I am discouraged that it seems necessary to say “don’t kill Palestinians” or “don’t kill Christians in Iraq” or that there is outcry over the plight of the Yazidi. How about “Don’t kill people”? It isn’t the Palestinian identity, the Christian faith, the Yazidi culture that makes it important not to kill people: it is their humanity. I struggle to understand why this isn’t obvious, but apparently it is hard work, not killing people.
Of course, I know I’m tangled up in it too. It’s basically impossible not to be complicit in the arms trade, for example, or in industries that deny people food if they don’t happen to have money. I could try to separate myself from that sort of evil, but purity is maddeningly elusive. I’m simply not self-sufficient enough to not pay others for some of my food, clothing, shelter; and I cannot control how those other people spend or invest the money I give them in exchange for goods and services. Separation from evil isn’t really an option.
So, while I’d love to say that we who are “good” or “aware” or something could change the world by never investing in arms dealers, I don’t think we have that much control over indirect investment. That’s capitalism for you.
Capitalism and its money-is-power dynamic also means that the majority of the people in the world couldn’t be ethical consumers even if they wanted to. I’m reasonably privileged — white, educated, have always had a roof over my head and food on the table — and I would struggle just because of the time and effort involved. The reality is that for many, “ethical consumption” would mean not eating, not having shelter or clothing, not having access to medical care: most of the time the only options available happen to include some dodgy investments.
So: we are all complicit, to some degree, in the slaughter that’s going on today, and we can’t really separate ourselves from it by staying in a middle-class white Western cocoon and only spending money with the companies who manage to present their products as ethical or responsible. I’m not saying ethical consumption is of no use whatsoever: I just recognise it isn’t actually the whole solution.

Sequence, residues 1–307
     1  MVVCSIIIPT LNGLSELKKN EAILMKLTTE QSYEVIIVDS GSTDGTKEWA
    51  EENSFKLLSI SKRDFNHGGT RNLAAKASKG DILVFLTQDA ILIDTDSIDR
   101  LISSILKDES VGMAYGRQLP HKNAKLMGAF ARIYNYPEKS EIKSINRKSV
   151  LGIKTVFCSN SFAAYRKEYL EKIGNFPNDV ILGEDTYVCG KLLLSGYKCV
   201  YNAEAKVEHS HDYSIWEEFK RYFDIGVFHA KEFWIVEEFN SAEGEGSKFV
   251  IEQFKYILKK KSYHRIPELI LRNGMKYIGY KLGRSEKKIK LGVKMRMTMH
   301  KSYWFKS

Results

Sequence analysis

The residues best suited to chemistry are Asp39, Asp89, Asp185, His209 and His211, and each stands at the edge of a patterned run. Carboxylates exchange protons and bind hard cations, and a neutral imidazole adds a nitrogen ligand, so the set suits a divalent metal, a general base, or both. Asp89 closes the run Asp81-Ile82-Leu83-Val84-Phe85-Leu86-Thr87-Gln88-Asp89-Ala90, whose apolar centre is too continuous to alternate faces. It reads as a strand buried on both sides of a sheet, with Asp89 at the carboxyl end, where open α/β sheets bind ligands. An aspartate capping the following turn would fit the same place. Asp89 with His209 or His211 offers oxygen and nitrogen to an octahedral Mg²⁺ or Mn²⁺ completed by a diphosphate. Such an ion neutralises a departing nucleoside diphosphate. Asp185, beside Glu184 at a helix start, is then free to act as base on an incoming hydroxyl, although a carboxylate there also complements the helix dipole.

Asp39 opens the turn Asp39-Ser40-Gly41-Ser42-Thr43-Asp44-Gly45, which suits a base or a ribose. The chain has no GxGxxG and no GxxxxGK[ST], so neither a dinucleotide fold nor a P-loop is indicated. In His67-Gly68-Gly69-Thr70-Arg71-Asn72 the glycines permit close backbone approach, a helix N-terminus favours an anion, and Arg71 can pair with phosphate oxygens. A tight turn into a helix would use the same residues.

That leaves us back at “How can we try and convince people not to kill other people?”
I don’t have an easy answer. I don’t even really have a difficult answer: not in a “Do thing X and result Y will follow” sort of way, not anything I can ask you to count on.
What I do have is a shred of a sliver of hope; a faint glimmer of light, the sort I can only see out of peripheral vision.
I have this hope that somehow, if we truly treat one another with compassion, it will be harder for people to kill one another. I hope that one person at a time, solidarity will make a difference. I hope that by learning to look for one another’s humanity we will see the similarities, the common cause, which we so often now overlook. I don’t mean wishy-washy being nice to one another, either. I mean concrete actions that heal the fearful and the wounded, challenge the powerful, comfort those who mourn, forgive the sinner, loose the bound. I mean visiting the sick and writing to prisoners and helping at the foodbank or shelter and giving to the Disasters Emergency Committee and writing to your MP and, yes, shopping ethically, but not because we think these things somehow mean we get a free pass but because we love other human beings, or what we see of good in them, so much that it’s worth doing all that and more. Jesus said “whatever you do unto the least of these, you do it to me” — and to me, that speaks partly of the inescapable interconnectedness I was writing about earlier, which means we are all complicit in systemic violence but also that we are all subject to the contagion of compassion.
I have come into this world to see this:
the sword drop from men’s hands
even at the height of
their arc of
because we have finally realized
there is just one flesh
we can wound.